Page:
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Totti Inducted Into Italian Football Hall of Fame

Another richly deserved honor for Er Pupone

FIGC Hall Of Fame Photo by Gabriele Maltinti/Getty Images

Halls of Fame are revered things in North American sports. Ostensibly just museums to their respective sports, these halls of history often provide one final opportunity to debate the merits on an individual athletes career: Do they belong? Are they a first ballot Hall of Famer? Should they be a unanimous selection? Some people have taken it so far as to suggest the halls of fame have further strata within them; inner and outer rings of honor.

And while I'm not certain the same debates exist in European sports, there can be no doubt: Francesco Totti is a Hall of Famer, an honor he received earlier today from the FIGC.

Established in 2011, the Italian Football Association Hall of Fame was created to recognize the best and brightest contributors to the world of Italian football. And early today, they added 11 names to their ranks, including the likes of Javier Zanetti, Max Allegri, referee Nicola Rizzoli and, as you can see, our very own Francesco Totti.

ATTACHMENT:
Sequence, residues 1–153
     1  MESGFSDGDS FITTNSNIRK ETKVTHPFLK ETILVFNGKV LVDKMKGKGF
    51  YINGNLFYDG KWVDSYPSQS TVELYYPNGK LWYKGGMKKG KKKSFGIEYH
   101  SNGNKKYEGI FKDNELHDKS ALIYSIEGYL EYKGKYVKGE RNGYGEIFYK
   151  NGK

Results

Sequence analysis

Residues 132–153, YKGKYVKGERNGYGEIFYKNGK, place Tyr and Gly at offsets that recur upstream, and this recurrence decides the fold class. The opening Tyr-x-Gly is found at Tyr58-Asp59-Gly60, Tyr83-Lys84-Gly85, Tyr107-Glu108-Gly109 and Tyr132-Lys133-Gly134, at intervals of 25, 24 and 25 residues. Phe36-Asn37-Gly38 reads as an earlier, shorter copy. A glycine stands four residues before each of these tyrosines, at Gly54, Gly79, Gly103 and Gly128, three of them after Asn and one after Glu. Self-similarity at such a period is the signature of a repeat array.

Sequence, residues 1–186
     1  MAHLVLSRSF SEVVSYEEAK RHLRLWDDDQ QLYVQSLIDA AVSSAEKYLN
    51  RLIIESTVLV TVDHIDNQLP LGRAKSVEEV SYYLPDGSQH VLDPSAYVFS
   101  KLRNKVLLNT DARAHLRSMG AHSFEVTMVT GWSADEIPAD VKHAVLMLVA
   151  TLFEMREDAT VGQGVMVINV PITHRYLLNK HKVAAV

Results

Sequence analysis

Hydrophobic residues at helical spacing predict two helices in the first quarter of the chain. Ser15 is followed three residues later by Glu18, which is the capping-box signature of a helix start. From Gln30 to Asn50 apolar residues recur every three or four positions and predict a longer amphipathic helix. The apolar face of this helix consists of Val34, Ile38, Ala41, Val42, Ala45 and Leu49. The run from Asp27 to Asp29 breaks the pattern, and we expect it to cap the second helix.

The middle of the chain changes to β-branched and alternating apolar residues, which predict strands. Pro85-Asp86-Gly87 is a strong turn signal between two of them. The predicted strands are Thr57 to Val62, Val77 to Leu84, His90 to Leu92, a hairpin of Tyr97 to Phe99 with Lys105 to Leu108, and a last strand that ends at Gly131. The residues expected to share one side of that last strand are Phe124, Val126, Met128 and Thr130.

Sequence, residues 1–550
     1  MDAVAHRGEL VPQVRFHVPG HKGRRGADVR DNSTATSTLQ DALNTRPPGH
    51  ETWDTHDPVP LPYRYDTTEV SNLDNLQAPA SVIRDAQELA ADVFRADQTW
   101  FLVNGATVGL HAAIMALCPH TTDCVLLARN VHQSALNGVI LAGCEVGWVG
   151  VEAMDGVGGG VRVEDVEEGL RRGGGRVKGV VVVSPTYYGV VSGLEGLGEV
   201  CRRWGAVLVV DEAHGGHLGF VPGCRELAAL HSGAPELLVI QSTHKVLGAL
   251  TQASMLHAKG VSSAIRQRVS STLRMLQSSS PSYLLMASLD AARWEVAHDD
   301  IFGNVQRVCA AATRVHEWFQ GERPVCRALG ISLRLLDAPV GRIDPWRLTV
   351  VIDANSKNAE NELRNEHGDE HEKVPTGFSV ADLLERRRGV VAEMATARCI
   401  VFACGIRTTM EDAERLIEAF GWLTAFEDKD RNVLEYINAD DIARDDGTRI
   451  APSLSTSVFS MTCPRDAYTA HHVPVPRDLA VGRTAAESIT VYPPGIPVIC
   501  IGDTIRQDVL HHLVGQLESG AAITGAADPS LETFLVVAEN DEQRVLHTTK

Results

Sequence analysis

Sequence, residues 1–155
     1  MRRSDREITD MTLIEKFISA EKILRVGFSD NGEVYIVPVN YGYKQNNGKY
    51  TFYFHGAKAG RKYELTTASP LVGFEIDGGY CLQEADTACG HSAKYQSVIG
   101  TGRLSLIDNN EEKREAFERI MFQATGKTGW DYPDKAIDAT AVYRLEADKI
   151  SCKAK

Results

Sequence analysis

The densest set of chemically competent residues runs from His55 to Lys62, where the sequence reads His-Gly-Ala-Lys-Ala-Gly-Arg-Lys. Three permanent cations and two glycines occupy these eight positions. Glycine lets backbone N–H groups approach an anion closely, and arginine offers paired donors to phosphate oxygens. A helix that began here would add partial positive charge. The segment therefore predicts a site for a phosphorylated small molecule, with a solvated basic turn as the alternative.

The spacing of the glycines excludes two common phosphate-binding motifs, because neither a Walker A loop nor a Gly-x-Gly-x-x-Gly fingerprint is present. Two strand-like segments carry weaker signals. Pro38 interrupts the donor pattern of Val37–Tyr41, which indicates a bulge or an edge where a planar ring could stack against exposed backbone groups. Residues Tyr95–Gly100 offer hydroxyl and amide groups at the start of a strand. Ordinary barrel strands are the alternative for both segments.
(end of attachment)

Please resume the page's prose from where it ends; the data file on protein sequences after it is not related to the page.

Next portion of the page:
On his latest honor, Totti was naturally grateful and reflective:

I think is a special, beautiful day for me. It means a lot, coming after being added to Roma’s Hall of Fame.

I want to think the FIGC for deciding to award me this distinction. Winning the World Cup in Berlin in 2006 cemented my reputation around the world, and I think that achievement also helped me earn this one here.

In addition to that World Cup victory, Totti has a host of other plaudits to his name. Totti is second only to Silvio Piola in Serie A scoring, while ranking third in total appearances (though he has the most among attacking players). Totti has the most penalty goals in league history, the third most free kick goals in history, probably top five/ten in assists (they didn't tabulate those throughout the history of the game) and was at once among the youngest (16-years-old) and oldest players (40-years-old) in league history.

Roma fans are obviously biased, but Totti has long been widely considered among the handful of elite Italian talents to ever kick a ball, so it's nice to see him recognized by the sport's governing body as such. In fact, Totti is one of only eight Italian players to be inducted thus far, joining Roberto Baggio, Paolo Maldini, Franco Baresi, Fabio Cannavaro, Gianluca Vialli, Giuseppe Bergomi, and Alessandro Del Piero.

The full list of enshrinees can be found here.

Congrats to Totti. Now, if he can turn around yet another Roma mess (this time from the boardroom), we might have to find another Hall of Fame for him.